The reader can appreciate that there is sufficient clinical information to apply his/her higher-order thinking to arrive at the appropriate diagnosis.
The authors then give the 5 alternative answers with 1 correct diagnosis as follows:
- A. trichotillomania (hair-pulling disorder)
- B. body dysmorphic disorder (BDD)
- C. delusional disorder, somatic type
- D. normal age-appropriate appearance concerns
- E. obsessive-compulsive disorder (OCD) (281)
Ideally, the 5 alternatives are all plausible. One could question whether choice D rises to that standard.
The authors then give the correct answer as E. obsessive-compulsive disorder (OCD) (p281). One could also argue that the reader would be guided to that choice by virtue of the chapter heading.
The authors conclude with:
Explanation: In the case of repetitive hair pulling, distinguishing among trichotillomania, BDD and OCD can sometimes be difficult. The differential diagnosis rests on the reasons for the pulling. Trichotillomania generally stems from boredom or anxiety, whereas BDD-related hair pulling is generally associated with perceived ugliness of the hair. When the pulling is in the service of symmetry, OCD is the more appropriate diagnosis. Further examination of the individual would likely reveal additional examples of this preoccupation with symmetry. Although some amount of hair pulling may be normal, the degree and the distress caused make age-appropriate appearance concerns an unlikely explanation in this case. Psychotic disorders should be ruled out—in this vignette, the patient’s symptoms appear to be more a preoccupation than a delusion. (282)
This explanation is brilliant in that it not only educates the reader on the plausible diagnostic considerations but also guides the reader through a differential diagnosis and finally how one arrives at the correct diagnosis with the utmost confidence. If for no other reason, this book is worth its weight in gold.
In contrast, there are some question types that are less valuable. These include those that simply relate to recall of facts and require no thinking by the reader. “True or false” options are among the least valuable question types because they allow for guessing in which case the reader could by chance choose the correct answer 50% of the time. In addition negative stems are frowned upon such as “not” representative in the stem in 1.27. (11). It is preferable to state the stem in positive terms as a reader may be able to identify an incorrect answer without knowing a correct answer.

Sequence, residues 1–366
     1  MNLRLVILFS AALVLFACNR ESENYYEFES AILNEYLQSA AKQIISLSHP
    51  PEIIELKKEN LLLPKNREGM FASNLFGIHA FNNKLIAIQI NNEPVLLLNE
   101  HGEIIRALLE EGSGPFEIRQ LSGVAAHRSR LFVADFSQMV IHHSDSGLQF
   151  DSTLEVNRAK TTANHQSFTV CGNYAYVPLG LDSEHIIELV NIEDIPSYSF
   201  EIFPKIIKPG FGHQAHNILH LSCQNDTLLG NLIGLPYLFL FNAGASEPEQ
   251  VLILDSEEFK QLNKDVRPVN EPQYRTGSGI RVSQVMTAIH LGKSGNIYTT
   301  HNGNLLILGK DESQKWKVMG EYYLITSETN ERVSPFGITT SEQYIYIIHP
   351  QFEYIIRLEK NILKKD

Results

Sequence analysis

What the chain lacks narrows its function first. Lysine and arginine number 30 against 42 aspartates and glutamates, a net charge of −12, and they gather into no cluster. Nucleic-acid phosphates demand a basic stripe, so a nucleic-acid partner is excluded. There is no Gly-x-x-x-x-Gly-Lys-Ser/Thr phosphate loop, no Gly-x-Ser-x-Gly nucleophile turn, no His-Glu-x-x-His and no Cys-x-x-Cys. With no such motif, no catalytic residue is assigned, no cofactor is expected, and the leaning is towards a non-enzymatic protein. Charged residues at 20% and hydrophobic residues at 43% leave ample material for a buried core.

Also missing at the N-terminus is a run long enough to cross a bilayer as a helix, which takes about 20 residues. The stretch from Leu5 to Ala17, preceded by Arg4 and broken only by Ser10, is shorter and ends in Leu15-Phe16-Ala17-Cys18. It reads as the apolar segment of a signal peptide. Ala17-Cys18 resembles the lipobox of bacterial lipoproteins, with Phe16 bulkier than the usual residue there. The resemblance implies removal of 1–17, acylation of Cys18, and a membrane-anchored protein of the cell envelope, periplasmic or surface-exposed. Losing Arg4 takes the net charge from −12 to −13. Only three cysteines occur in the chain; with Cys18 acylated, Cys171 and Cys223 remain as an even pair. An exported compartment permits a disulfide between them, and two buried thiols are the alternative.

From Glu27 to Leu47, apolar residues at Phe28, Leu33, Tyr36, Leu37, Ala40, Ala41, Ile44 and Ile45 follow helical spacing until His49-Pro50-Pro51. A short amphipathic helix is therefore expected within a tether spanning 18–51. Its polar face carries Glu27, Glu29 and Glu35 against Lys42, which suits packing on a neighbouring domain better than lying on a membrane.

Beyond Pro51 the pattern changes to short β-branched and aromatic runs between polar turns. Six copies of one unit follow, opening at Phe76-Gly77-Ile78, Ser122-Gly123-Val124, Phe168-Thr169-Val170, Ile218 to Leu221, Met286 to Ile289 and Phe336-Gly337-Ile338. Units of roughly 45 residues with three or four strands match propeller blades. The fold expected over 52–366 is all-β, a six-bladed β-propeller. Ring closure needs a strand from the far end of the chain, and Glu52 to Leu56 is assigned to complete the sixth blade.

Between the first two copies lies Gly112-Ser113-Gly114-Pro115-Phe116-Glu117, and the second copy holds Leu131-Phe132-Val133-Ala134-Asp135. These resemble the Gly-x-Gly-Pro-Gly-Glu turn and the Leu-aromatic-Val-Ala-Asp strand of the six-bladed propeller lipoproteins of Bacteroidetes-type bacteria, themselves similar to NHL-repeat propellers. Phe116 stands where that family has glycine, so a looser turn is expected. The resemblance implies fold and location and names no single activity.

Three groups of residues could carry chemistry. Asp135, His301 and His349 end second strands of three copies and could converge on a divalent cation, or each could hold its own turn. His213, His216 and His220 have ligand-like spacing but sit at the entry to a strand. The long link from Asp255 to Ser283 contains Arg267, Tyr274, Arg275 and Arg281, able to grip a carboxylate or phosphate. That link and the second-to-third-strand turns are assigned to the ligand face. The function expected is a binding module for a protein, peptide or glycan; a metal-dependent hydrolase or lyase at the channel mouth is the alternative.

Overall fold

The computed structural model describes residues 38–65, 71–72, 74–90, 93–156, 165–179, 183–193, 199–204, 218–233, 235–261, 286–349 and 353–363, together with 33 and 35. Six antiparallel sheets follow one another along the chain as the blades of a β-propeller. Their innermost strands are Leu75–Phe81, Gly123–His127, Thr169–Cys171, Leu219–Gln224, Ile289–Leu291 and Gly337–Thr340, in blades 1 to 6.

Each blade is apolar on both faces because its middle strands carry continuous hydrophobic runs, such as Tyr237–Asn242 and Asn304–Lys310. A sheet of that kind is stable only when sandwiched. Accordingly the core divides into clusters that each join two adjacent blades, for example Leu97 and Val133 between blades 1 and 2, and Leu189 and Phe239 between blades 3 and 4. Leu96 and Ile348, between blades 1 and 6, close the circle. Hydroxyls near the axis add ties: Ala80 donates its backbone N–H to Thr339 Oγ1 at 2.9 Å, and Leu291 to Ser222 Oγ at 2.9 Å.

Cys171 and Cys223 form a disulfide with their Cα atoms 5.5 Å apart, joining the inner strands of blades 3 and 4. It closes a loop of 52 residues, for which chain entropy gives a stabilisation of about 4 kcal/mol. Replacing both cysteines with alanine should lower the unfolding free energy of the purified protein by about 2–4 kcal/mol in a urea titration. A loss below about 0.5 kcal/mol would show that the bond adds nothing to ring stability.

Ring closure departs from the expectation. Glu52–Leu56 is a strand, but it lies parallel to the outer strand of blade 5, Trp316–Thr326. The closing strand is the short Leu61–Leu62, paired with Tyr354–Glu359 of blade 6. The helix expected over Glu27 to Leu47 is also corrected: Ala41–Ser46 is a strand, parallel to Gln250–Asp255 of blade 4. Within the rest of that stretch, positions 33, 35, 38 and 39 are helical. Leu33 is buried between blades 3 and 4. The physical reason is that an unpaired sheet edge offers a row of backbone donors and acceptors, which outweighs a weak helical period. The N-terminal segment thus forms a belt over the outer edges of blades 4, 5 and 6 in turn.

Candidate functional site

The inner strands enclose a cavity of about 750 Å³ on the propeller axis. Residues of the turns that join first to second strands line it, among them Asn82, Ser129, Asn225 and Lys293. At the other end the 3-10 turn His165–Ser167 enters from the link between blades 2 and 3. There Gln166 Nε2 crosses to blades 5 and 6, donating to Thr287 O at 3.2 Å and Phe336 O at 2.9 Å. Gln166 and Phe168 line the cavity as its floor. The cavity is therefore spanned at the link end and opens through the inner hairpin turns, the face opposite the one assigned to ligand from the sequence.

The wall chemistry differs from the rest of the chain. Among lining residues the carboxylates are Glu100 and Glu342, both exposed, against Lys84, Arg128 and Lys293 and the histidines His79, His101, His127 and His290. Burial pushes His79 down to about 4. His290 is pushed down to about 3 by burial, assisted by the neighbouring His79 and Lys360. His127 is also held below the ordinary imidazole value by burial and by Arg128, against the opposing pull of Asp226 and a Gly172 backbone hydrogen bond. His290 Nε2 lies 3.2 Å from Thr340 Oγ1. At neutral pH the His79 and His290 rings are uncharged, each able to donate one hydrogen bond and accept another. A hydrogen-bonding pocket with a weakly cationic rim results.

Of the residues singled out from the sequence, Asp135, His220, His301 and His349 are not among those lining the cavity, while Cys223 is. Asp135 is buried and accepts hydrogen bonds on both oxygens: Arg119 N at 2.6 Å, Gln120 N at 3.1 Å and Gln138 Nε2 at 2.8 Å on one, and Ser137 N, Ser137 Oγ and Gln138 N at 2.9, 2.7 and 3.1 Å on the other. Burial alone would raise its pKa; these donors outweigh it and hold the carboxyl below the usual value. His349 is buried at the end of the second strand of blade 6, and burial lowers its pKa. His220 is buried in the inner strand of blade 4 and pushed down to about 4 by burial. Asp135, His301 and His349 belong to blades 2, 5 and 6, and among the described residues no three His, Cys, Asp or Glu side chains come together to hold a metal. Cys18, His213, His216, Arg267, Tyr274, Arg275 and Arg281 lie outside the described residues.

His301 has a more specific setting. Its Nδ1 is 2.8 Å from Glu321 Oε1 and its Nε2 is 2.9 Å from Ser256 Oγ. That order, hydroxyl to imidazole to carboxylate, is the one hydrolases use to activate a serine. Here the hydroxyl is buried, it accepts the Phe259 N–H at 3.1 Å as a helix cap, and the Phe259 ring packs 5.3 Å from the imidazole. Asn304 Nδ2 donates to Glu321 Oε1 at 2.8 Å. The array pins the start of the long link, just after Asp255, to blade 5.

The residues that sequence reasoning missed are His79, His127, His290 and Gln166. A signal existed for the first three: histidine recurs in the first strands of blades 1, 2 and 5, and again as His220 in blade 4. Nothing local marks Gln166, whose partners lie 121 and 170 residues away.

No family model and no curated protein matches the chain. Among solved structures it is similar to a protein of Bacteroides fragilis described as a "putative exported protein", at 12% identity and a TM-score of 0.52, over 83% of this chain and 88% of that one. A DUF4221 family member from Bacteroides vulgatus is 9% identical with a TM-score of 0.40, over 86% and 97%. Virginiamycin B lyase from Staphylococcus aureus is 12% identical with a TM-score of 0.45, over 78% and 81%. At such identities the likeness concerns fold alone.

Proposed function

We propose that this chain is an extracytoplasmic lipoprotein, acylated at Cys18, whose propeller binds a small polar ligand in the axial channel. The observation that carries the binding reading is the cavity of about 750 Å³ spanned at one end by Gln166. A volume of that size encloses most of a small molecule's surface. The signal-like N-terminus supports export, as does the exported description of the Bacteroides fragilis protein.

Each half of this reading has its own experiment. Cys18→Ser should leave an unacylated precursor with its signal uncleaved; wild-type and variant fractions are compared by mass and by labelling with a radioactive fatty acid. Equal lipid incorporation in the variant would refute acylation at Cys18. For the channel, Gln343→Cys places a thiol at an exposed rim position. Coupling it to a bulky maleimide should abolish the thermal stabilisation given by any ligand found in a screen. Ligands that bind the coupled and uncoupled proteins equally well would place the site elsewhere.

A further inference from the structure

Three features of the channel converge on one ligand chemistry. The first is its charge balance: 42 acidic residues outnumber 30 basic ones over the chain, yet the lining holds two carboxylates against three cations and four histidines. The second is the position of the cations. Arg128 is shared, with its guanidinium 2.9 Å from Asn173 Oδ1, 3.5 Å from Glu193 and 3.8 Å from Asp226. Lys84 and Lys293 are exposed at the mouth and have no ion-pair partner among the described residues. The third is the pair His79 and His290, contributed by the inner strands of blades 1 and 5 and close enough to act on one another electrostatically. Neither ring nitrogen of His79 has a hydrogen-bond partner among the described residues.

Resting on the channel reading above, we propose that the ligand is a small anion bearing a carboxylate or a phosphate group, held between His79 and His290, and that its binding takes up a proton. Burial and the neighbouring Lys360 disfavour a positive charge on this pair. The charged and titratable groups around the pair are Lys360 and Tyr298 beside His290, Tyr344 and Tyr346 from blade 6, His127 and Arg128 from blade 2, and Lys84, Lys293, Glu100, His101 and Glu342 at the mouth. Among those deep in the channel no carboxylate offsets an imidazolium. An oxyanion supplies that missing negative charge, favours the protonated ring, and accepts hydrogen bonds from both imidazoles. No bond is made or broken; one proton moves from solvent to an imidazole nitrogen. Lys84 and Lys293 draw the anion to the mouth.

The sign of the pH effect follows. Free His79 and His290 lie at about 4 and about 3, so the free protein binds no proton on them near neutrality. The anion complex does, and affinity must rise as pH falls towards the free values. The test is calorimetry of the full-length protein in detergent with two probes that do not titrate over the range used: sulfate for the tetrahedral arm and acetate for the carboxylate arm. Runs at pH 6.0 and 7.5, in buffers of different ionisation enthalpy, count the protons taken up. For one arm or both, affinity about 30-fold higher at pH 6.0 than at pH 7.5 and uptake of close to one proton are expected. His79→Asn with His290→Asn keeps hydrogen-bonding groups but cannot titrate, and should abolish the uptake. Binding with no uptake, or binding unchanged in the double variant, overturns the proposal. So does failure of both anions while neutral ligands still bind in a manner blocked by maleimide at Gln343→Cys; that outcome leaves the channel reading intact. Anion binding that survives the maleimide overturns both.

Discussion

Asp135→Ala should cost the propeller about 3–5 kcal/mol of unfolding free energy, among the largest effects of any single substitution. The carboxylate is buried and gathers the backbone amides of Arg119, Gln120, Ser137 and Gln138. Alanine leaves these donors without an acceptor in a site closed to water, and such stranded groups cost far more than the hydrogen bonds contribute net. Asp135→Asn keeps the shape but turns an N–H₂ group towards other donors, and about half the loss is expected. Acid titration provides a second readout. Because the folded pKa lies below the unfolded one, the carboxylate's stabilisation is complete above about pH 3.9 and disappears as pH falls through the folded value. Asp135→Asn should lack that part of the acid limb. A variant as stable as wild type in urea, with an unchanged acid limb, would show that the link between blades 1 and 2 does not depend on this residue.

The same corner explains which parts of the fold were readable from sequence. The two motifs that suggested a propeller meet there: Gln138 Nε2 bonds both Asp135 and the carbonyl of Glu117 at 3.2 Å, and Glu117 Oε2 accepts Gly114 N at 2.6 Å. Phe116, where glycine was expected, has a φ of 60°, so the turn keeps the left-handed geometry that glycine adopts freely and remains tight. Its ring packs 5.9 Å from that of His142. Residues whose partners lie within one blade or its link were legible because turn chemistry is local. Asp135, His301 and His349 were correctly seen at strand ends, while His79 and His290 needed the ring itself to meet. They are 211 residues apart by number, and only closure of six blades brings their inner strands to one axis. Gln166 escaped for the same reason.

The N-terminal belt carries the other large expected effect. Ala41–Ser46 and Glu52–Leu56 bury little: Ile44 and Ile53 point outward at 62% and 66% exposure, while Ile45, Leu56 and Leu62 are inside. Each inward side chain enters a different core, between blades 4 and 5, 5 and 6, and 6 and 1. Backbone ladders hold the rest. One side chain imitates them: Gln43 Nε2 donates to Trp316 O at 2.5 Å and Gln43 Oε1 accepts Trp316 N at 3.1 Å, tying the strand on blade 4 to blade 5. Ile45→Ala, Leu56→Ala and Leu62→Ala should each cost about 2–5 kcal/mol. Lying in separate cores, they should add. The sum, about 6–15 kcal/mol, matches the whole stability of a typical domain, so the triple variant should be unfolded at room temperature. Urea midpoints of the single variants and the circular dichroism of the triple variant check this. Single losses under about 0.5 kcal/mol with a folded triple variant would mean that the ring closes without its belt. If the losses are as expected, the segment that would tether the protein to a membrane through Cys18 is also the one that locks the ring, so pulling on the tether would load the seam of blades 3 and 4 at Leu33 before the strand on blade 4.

Lastly, the question format for the Glossary of Technical Terms (DSM-5 Appendix) appears to be a product of test writing fatigue or presented as a challenge to the reader as a race to the finish as a Prometheus Bound exercise. The authors take the 26 terms and then ask the reader to match them with 26 definitions. This is way too many for a matching-type question. If necessary to include questions about this glossary, the authors should first have started with the definitions and asked the reader to fish for the term that applied to the definition. The way it is formatted takes too much time to find the correct answer Also, rather than do all 26 together, the reader would benefit from dividing them up into 4 matching questions with 6 to 7 terms at a time.
This test question book is an invaluable guide for those wanting to assess their knowledge of the DSM-5 and will enhance one’s knowledge about the major changes that have taken place in psychiatric diagnoses and learn about how and why changes were made. Most of all the reader will appreciate the monumental work that went into preparing such a fine work. It is an important companion to the DSM-5.
Stephen C. Scheiber, MD
Clinical Professor of Psychiatry and
Medical College of Wisconsin
The author declares no conflict of interest.